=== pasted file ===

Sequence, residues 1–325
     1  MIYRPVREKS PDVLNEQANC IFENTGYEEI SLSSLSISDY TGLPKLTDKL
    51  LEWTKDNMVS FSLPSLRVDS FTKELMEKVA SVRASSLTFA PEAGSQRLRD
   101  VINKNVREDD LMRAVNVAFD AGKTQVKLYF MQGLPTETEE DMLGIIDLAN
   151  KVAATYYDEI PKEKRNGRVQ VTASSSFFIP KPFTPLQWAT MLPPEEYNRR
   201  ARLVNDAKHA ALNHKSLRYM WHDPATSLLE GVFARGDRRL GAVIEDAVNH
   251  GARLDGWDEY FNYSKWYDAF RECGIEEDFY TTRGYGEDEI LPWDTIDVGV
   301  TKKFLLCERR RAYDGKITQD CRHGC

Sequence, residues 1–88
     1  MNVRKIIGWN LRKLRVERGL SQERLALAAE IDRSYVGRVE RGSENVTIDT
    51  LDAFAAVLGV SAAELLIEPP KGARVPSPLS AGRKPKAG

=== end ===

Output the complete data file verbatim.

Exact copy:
Sequence, residues 1–325
     1  MIYRPVREKS PDVLNEQANC IFENTGYEEI SLSSLSISDY TGLPKLTDKL
    51  LEWTKDNMVS FSLPSLRVDS FTKELMEKVA SVRASSLTFA PEAGSQRLRD
   101  VINKNVREDD LMRAVNVAFD AGKTQVKLYF MQGLPTETEE DMLGIIDLAN
   151  KVAATYYDEI PKEKRNGRVQ VTASSSFFIP KPFTPLQWAT MLPPEEYNRR
   201  ARLVNDAKHA ALNHKSLRYM WHDPATSLLE GVFARGDRRL GAVIEDAVNH
   251  GARLDGWDEY FNYSKWYDAF RECGIEEDFY TTRGYGEDEI LPWDTIDVGV
   301  TKKFLLCERR RAYDGKITQD CRHGC

Sequence, residues 1–88
     1  MNVRKIIGWN LRKLRVERGL SQERLALAAE IDRSYVGRVE RGSENVTIDT
    51  LDAFAAVLGV SAAELLIEPP KGARVPSPLS AGRKPKAG